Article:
A poetic marvel - Bolgheri
Ever since Giosuè Carducci wrote his splendid 1874 Davanti San Guido poem, Bolgheri has become a dream and a fascination to everyone. The alley leading to this small bijou town, lined with 2,500 cypress trees, is indeed poetic, and it paves the way to a wine experience unlike any other one you’ve ever had. Several factors yield a good vintage: the soil, the exposure and the skill of the vine growers. The sun clearly pays a part, for it can alter the sugar level, hence the alcohol level, according to the intensity of the exposure. Here in Bolgheri you have a third, key element that contributes to creating a masterpiece: the sea. The gentle breeze that comes in from the nearby coast, combined with the sandy, slightly clay soil, mitigates the heat and protects from the cold in winter: the grapes are sheltered from the elements and can thus deliver world-class results.
Here is a selection of top class wineries where you can enjoy the best this territory can offer.
Beyond extraordinary – Bolgheri wineries
South of Bolgheri and Castagneto Carducci lies the Tenuta Argentiera, one of the largest in the area. Producing Bolgheri DOC and DOC Superiore, Toscana IGT and Toscana IGT Vermentino and rosé wines, their vineyards extend from the hills to the sea and a tasting overlooking the coast is simply dreamy. The Swiss architect Mario Botta designed the funky architecture of Petra Wine, further south in the Val di Cornia: environmentally sustainable, the simple, rational design of the exterior “emphasises the beauty and the depth of the landscape”. Deep in the heart of the Maremma, the various 100% organic wines entail several combinations of Sangiovese, Cabernet Sauvignon, Merlot, Cabernet Franc and Syrah grapes. Founded in 1944, at Tenuta San Guido time seems to have stood still. Producing the famous Sassicaia DOC wine, the name comes from the stony soil it is produced in and it is inspired by Burgundy wines, containing Cabernet Sauvignon and Cabernet Franc grapes. Other wines in their collection are Guidalberto, a blend of Cabernet Sauvignon and Merlot, and Le Difese, with Cabernet Sauvignon and Sangiovese grapes. Managed by the Antinori family but owned by the Della Gheradesca family since the 17th century, Tenuta Guado al Tasso extends over 320 hectares in the Bolgheri amphitheatre, with vineyards cultivated with Cabernet Sauvignon, Merlot, Syrah, Cabernet Franc, Petit Verdot , Vermentino Nero and Bianco.
Established in 1981, Ornellaia wine estate is owned by the Frescobaldi family, winemakers for over seven centuries. Among the first to dedicate themselves to Super Tuscan Sassicaia and Bolgheri superior, their wines offer a Merlot, Cabernet Franc and Cabernet Sauvignon blends, plus a 100% merlot version. Each year, an international artist is called to create a series of limited edition wine labels for their Vendemmia d’artista project.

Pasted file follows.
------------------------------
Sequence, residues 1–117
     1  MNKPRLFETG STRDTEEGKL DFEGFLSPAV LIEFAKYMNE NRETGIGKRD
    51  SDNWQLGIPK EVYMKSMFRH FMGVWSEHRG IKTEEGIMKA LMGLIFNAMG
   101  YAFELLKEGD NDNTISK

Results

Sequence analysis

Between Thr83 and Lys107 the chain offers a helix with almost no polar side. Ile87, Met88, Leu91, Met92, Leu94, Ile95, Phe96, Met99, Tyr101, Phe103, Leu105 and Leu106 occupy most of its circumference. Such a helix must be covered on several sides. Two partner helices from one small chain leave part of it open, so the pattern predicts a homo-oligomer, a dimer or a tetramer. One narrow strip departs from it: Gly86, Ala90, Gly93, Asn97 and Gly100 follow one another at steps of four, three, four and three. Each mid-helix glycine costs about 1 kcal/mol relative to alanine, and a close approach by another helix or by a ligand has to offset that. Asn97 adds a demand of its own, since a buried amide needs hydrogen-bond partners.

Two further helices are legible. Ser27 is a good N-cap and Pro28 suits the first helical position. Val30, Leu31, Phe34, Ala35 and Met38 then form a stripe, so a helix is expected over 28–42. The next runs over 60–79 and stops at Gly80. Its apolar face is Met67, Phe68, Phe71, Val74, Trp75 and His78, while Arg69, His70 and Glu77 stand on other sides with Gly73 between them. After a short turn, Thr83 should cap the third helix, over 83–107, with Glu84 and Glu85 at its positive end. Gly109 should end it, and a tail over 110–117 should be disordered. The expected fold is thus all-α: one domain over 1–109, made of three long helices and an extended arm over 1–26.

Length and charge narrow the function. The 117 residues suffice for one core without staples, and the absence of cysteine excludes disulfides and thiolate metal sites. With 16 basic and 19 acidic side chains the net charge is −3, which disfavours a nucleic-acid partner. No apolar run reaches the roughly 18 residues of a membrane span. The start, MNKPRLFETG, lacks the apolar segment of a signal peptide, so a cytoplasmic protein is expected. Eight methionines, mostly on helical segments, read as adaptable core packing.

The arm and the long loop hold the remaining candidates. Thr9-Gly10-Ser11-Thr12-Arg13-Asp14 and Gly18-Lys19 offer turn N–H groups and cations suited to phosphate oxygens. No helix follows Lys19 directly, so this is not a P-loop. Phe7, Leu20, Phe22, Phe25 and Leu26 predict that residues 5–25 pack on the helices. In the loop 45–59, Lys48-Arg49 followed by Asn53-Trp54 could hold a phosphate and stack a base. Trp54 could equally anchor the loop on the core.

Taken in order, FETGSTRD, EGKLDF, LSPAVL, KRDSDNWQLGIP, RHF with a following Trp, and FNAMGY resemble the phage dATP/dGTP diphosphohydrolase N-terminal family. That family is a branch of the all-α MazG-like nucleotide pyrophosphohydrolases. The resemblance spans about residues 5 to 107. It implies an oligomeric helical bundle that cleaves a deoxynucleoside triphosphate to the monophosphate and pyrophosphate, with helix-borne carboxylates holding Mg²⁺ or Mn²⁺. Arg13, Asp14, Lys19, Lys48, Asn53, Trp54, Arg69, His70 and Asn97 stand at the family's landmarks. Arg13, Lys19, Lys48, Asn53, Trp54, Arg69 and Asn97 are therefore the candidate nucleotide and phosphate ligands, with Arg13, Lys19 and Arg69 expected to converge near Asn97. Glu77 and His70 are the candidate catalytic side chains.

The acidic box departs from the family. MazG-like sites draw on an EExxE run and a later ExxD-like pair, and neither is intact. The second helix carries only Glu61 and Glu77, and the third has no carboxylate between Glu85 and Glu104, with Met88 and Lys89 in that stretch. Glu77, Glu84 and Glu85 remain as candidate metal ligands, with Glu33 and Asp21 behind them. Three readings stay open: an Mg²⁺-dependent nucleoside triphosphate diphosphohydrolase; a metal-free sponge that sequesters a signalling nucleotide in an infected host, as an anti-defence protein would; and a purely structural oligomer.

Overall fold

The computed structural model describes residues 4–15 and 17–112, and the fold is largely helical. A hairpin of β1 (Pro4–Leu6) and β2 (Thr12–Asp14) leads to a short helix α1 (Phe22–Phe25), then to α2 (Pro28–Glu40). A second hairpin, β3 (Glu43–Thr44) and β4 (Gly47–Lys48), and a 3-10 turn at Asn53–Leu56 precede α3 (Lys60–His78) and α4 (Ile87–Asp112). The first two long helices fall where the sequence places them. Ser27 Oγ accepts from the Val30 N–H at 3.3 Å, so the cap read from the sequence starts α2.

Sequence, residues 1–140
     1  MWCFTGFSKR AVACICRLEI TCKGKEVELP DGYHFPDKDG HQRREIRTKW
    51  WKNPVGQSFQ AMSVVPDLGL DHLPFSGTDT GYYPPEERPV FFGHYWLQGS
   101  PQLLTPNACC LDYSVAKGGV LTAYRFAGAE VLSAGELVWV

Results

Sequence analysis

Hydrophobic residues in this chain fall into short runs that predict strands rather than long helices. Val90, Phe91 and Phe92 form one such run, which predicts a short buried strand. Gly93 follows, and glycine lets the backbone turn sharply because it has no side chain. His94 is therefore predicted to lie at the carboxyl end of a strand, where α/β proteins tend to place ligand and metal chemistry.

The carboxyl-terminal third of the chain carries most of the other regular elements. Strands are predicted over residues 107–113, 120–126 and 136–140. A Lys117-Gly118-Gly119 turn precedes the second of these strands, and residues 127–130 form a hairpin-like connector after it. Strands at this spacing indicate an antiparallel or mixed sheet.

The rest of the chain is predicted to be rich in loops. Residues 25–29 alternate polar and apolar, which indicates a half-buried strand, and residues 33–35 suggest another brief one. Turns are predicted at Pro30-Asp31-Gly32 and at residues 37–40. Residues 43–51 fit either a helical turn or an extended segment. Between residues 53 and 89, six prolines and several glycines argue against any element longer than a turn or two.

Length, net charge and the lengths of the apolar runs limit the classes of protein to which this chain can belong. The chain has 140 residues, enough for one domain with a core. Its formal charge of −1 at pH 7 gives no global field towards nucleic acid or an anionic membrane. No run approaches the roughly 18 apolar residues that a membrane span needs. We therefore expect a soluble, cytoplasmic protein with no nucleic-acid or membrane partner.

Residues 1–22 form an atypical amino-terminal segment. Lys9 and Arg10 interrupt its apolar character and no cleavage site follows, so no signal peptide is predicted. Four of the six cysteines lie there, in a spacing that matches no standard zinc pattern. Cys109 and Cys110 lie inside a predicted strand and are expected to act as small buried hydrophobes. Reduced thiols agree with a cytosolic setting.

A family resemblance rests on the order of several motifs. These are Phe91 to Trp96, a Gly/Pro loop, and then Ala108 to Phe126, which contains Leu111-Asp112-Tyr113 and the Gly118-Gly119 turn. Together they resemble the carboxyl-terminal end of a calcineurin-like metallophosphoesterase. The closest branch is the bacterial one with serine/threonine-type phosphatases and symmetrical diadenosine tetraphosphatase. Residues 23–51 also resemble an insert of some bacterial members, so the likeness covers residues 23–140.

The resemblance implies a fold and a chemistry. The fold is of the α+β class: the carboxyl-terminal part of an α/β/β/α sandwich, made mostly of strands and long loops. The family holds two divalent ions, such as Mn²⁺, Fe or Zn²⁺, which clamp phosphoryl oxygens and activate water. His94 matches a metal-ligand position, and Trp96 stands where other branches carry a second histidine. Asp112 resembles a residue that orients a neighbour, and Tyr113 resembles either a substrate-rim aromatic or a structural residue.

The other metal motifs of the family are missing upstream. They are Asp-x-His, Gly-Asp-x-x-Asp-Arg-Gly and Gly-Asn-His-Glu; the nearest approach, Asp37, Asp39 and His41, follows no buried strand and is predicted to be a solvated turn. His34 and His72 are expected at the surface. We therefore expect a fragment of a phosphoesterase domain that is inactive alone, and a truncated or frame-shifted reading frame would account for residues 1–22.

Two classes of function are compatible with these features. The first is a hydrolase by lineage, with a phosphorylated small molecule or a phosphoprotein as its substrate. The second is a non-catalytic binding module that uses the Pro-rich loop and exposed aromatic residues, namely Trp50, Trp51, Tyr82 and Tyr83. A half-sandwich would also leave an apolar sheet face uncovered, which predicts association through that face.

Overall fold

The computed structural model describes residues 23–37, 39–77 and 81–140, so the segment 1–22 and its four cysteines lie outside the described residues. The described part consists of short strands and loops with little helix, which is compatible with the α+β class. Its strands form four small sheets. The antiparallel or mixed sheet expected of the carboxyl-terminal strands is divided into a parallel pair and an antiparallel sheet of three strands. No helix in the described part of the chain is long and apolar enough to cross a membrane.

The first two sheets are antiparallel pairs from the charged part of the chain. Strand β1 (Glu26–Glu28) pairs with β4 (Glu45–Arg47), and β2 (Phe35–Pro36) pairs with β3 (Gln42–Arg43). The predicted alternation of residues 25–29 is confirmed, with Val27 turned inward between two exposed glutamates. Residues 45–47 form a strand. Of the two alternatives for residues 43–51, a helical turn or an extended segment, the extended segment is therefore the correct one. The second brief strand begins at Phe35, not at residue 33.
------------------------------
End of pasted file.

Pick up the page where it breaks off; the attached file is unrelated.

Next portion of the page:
The courage of being bold - Super Tuscan wines
True as in all stories, however, sometimes rules need to be challenged. And It takes courage to be a rule-breaker. Everywhere in Italy, strict rules are in place regarding wine production – the so-called Disciplinare – relating to times of harvest, aging and especially the types of grapes employed for every vintage. Back in the 1970s, a group of ambitious local wine growers grew so frustrated with the local bureaucracy with reference to wine that they started introducing foreign grapes into their vintage. This is how the first Super Tuscan wines came into being, the name probably given by Robert Parker in his Wine Advocate review, and defines Tuscan wines that have acquired international success, despite their being so challenging – or perhaps precisely because of that reason! Among the first, famous examples was Tignanello, created by the Antinori family in 1971, with Sangiovese, Cabernet Franc and Cabernet Sauvignon grapes, thus challenging traditional methods and creating an equally noble wine. The Consortium controlling wine production eventually granted the IGT designation (Typical Geographical Indication) in 1992, allowing wine growers to be more creative with their experimentations. These days, the most famous Super Tuscans are Sassicaia, Ornellaia and Tignanello.
Be inspired by our cooking classes at Il Bottaccio
Surely wine can be tasted and enjoyed on its own, but it is best appreciated when it accompanies a joyous meal. Learn how to combine the best in wine culture with the flair of our creative chef Nino Mosca. Cooking is the expression of love, dedication and creativity: combining influences from the sea and the mountains, with added modern experimentations, only the finest ingredients are sourced and employed. One of the very few properties in Versilia to organise tailor-made cooking classes, sessions take place in the morning and last three hours: in a proper hands-on fashion, we will guide you through every process, crafting your very own, personalised menu, with lunch to follow. At Il Bottaccio, you too can become a chef for a day!